Goddesses In Saami Mythology

Goddesses In Saami Mythology January 5, 2023

​Saami people are the native people of northern Europe. There are Saami living in Sweden, Finland, Norway and Kola Peninsula in Russia. In Norway majority of the Saami were fishermen and in the Lapland of Finland, Sweden and Russia the lifestyle of the saami´s was more intertwined with reindeer herding. In these modern days you can find Saami in all occupations and all paths of life yet there are people who practice their traditional ways.

Back in the day, Saamis were always surrounded by nature. They knew all about the movements of the sun, moon, planets, and stars and by following the natural cycle of the reindeer Saami developed a special connection to nature. This comes out thoroughly in Saami mythology which essentially is an animistic belief that each stone, rock, lake and plant has a spirit living inside them. Saami goddesses were all manifestations of nature and even more, miracles that occurred in nature.

Máttaráhkká The Mother

​Máttaráhkká was the goddess of the earth. She was the beginner of all life. Her job was to receive the soul and the spirit of the child from the sky god Radien and give the breath of life to the child in the womb. Women turned to Máttaráhkká during childbirth and if they suffered from menstrual pains.

Máttaráhkká had three daughters. In the shaman drum, these three figures are painted to the very bottom of the drum. Saami believed that these three goddesses lived in the ground with their mother just below Kota, the tent or the house.

Juksáhkka The Bow Woman

Juksáhkka was the goddess of hunting. Her name literally means “the bow woman”. Juksáhkka was the protector goddess of boys and men. She protected them from the moment they were conceived till the day they died. It was believed that Juksáhkka had the ability to change the child´s gender in the womb. One way to ensure this was to attach the bow and some arrows to komsio (Saami cradle). Saami culture was foremost hunting culture boys and men were more respected than women in the society.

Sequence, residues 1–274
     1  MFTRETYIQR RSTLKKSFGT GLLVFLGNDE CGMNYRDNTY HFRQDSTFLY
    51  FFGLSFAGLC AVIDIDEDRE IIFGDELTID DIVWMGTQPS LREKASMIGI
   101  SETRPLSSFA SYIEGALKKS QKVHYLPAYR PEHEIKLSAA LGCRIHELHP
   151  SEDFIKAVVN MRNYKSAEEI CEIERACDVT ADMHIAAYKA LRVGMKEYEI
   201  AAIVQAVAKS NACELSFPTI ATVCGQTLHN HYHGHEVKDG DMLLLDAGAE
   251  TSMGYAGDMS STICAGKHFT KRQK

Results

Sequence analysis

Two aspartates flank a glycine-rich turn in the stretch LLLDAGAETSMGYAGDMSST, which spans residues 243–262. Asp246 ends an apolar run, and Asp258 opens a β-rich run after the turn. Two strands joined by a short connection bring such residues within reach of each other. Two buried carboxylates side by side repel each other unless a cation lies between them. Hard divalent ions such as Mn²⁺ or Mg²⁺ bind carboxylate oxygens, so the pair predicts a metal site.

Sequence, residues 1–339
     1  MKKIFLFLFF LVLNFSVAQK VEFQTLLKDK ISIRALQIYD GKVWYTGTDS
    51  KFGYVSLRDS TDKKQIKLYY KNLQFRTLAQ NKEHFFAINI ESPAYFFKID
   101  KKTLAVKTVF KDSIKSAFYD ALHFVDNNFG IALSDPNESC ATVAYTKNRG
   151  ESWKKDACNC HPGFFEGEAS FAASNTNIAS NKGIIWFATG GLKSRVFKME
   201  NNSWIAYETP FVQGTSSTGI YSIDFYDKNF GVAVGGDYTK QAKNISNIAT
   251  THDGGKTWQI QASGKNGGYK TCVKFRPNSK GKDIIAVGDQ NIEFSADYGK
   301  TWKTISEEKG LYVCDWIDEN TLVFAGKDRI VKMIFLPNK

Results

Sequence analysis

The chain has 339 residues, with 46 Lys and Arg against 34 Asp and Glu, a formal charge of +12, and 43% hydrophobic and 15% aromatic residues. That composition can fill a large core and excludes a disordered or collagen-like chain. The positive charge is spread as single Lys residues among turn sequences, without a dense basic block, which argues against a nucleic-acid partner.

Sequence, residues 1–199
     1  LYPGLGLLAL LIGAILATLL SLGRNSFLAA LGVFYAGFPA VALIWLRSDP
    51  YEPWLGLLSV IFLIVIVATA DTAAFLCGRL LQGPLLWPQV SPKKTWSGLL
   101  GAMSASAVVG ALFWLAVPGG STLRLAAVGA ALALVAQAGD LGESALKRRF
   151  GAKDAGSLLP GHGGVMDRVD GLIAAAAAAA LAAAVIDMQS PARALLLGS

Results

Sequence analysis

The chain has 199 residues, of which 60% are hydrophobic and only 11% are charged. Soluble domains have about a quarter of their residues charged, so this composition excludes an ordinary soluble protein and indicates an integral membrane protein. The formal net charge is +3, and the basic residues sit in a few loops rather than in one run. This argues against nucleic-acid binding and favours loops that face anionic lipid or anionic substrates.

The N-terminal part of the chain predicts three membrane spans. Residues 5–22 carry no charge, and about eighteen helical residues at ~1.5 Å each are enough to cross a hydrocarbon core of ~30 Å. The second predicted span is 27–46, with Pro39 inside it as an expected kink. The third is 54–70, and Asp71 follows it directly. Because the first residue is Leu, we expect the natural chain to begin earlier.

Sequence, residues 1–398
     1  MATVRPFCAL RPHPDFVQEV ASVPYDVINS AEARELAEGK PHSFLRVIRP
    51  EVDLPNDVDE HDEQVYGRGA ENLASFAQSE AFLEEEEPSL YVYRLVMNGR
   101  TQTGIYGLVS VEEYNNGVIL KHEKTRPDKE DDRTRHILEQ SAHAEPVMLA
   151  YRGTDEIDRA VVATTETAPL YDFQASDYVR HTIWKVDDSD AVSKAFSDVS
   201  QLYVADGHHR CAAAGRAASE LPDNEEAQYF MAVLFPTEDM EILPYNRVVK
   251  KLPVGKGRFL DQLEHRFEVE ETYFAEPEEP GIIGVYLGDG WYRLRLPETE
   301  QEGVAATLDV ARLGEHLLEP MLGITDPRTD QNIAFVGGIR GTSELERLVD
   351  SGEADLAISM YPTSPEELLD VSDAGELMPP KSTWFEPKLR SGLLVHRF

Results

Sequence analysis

Sárahkká Protector of mothers and babies

Sárahkká was the protector goddess of giving birth, girls and women. Her job was to grow the flesh around the child´s bones in the womb. In the shaman drum, Sárahkká is painted in the middle. She protected women from the day they were born to the day they died. Sárahkká´s sacred bird was the willow grouse. If a couple wanted to have a girl child they hanged beaks, wings and feathers of the willow grouse to the komsio. When giving birth was successful women sacrificed porridge to Sárahkká.

The birth was a sacred ritual for the Saami. It was also a world that was dominated by women and a taboo for men.

​Uksákká Guardian Of The Door

​Uksákká the third sister looked after the child when they grew up. She protected the child from not hurting themselves or getting into accidents. Uksákká guarded all the doors of the tents and houses. She was also the protector of entries in the animal world. She protected entrances of bear and wolf caves, entries of the birds´ nests and holes of the bee hives.

Despite the fact that Saami culture was male-dominated hunting culture. The essence of all life was believed to live within the woman. The primal mother.

Jábmiidáhkka Taker of Souls

Jábmiidáhkka was one of the most powerful goddesses and very likely, one of the early goddesses worshipped by the Saami. In many parts of Lapland, it was believed that spirits of passed-away relatives lived in the stars and in the northern lights. Scandinavian/Norse myths introduced the idea that the world of the dead was underground. In Saami folklore, this became a place which existed at the bottom of a bottomless lake. When many of the Saami were converted to Catholicism and later on to Lutheranism, the concept of the underworld changed. It was divided into two parts: Rotaimo which was a place similar to Christian hell and Radienaimo, a place closer to the Christian idea of heaven. No matter how the concept of the underground changed Jábmiidáhkka was always the guardian of this place. She is the receiver of the souls.